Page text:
As spring encroaches, you’ll find your family using the wood burning fireplace less and less. With the wood stack dwindling, it’s important to know how to properly care for your fireplace at the end of the season alongside the tools and accessories that are used in conjunction with it.
Closing your fireplace:
The first and most obvious step is to clean your fireplace. Most homeowners can start by removing leftover ash or soot from the firebox with a small dustpan and broom. It is not recommended that you vacuum ash because even vacuums with HEPA filters do not adequately contain ash and can lead to soot and particulates going airborne and coating your furnishings, floors, and walls.
Instead of waiting for its next use, opt to have your chimney swept when you close it for the season. Some homeowners may attempt to do this themselves, however for a nominal fee a professional can ensure it is done correctly and completely. Afterall it is the most important step in preventing chimney fires, and one should never leave this to chance.
Have it Inspected
It’s never a bad idea to have your chimney inspected. A harsh winter could have done damage not visible to an untrained eye. It’s much easier to make minor repairs then wait for something to go horribly wrong.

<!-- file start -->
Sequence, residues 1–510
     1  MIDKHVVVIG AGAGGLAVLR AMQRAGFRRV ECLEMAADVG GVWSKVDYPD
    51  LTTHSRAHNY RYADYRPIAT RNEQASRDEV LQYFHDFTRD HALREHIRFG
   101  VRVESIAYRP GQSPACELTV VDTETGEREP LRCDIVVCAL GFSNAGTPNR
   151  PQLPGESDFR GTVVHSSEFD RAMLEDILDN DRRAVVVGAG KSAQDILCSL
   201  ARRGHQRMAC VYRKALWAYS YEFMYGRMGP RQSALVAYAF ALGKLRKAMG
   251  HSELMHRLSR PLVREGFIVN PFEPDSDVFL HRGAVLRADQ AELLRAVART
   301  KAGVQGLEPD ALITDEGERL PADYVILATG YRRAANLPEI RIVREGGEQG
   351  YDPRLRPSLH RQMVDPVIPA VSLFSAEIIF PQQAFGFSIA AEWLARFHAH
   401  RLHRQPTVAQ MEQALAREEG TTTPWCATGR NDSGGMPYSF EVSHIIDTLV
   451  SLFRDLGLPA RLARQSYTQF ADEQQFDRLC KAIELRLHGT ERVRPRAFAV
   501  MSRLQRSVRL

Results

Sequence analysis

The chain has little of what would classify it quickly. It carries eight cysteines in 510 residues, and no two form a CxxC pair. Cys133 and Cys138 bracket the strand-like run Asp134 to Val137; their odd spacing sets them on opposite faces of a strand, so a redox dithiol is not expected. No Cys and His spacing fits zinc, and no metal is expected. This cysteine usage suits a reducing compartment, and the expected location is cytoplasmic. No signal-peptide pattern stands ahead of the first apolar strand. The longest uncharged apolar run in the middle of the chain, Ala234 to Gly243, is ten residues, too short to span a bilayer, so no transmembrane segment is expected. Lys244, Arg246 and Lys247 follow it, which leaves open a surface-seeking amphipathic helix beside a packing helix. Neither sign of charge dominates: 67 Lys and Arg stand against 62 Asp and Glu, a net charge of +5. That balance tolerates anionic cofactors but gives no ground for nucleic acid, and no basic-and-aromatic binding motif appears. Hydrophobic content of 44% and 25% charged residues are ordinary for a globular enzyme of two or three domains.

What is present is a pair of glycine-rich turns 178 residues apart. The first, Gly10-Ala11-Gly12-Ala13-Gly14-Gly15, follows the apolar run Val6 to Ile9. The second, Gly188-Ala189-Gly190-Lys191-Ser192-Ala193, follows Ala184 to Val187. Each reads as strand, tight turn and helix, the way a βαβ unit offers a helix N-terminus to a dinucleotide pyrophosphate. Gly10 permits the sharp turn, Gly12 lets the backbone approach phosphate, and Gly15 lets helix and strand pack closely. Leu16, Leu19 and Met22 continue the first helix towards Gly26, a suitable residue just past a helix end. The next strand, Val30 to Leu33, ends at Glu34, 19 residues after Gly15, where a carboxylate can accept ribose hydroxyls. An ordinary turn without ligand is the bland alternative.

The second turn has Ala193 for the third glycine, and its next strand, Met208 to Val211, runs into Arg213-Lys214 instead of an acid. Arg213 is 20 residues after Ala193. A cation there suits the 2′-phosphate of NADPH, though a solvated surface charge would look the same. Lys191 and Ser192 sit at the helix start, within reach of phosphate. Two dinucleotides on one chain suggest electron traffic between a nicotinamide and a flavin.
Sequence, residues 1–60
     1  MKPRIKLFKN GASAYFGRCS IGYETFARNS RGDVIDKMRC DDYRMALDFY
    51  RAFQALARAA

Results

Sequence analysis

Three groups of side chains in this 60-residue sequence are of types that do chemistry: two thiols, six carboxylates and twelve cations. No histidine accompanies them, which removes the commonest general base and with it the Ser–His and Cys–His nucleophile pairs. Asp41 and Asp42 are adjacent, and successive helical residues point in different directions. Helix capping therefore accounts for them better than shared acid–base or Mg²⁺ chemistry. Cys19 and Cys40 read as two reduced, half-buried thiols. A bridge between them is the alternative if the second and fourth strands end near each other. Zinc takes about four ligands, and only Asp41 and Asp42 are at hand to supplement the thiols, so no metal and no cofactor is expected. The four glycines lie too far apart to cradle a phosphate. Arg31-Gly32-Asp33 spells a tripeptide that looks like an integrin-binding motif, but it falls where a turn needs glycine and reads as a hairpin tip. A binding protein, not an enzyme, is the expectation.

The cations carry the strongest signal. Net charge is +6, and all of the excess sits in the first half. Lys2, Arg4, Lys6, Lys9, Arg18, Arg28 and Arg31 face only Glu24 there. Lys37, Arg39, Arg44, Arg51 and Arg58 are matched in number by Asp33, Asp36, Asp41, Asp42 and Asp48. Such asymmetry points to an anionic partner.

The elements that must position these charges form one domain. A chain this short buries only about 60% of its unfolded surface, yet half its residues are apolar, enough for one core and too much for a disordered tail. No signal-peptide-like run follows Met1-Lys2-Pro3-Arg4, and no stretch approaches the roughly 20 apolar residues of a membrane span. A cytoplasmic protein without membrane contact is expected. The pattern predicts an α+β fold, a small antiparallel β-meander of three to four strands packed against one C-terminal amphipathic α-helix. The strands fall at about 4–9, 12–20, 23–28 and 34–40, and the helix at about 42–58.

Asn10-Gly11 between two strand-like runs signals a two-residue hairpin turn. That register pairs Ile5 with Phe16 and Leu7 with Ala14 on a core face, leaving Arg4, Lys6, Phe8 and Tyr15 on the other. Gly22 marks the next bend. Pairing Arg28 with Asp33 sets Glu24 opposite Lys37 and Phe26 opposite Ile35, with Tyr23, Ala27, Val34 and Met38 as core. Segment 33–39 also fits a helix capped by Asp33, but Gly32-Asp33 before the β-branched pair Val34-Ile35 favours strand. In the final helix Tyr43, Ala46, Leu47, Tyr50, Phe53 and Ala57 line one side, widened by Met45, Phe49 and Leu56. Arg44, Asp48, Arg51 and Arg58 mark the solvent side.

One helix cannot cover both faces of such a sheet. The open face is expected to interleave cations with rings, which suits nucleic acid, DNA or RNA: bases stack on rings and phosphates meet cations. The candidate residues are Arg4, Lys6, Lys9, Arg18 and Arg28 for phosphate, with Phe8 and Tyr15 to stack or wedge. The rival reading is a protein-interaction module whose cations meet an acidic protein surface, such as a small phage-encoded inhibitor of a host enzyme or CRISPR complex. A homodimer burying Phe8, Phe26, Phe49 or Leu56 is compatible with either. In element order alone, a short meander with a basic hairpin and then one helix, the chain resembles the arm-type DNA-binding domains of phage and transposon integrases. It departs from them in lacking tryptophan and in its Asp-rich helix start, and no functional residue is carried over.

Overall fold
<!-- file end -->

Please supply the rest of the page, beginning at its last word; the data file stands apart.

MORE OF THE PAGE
Close the Damper
You should close the damper each time the fireplace is not in use, but it is especially important to remember this step when closing the fireplace for the season. Leaving the damper open can let summer heat inside the home and put a “damper” on your energy savings. Additionally, glass doors can also be installed for an extra seal.
When you close your fireplace for the season you can also take the extra step to clean your accessories. You can do this by removing grime and soot from the tools by rubbing them with a fine grade steel wool dipped in vegetable oil. An over the counter polish might also be available at your local hardware store to restore luster.
A brief overview of fireplace accessories available:
In most western cultures, fireplace accessories include grates, fireguards, andirons, log boxes, baskets, and “fire dogs” - all used to harbor and cradle the fuel (wood) to accelerate burning. Tools include pokers, bellows, tongs, and shovels as well as brushes and tool stands.
Many of these accessories have been around for centuries and date as far back as 1300 to 800 BC. It is believed that the first andirons were made from clay. Cast Iron and steel, many with ornamental brass displays became popular in Europe in the 1600-1800s. Elaborate andirons were used in ornamental fireplaces and featured beautiful designs by local artisans while the ones used in cooking fireplaces were plain, designed for function over opulence.